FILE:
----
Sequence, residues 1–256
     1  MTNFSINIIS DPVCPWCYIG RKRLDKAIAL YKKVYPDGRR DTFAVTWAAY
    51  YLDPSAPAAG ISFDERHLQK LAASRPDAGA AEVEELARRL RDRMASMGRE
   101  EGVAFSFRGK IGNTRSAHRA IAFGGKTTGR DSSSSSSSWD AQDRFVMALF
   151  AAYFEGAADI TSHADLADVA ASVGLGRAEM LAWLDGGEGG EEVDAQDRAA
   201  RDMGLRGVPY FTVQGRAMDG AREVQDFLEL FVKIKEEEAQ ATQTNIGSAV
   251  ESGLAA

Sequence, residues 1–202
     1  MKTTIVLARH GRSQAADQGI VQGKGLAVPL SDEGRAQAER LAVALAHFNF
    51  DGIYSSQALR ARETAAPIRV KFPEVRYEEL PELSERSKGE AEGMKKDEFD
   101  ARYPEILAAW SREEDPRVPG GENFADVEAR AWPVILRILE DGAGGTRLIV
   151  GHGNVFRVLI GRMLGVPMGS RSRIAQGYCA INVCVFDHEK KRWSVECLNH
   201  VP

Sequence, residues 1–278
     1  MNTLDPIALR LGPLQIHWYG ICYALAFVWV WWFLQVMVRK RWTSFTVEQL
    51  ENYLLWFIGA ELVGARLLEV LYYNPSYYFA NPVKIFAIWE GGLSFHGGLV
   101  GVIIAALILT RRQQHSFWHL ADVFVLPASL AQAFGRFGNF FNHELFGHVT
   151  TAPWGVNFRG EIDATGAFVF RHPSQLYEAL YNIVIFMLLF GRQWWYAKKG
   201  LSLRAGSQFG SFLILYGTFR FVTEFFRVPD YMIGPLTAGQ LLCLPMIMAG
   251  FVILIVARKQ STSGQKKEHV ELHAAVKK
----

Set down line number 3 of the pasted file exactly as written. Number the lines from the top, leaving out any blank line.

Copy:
    51  YLDPSAPAAG ISFDERHLQK LAASRPDAGA AEVEELARRL RDRMASMGRE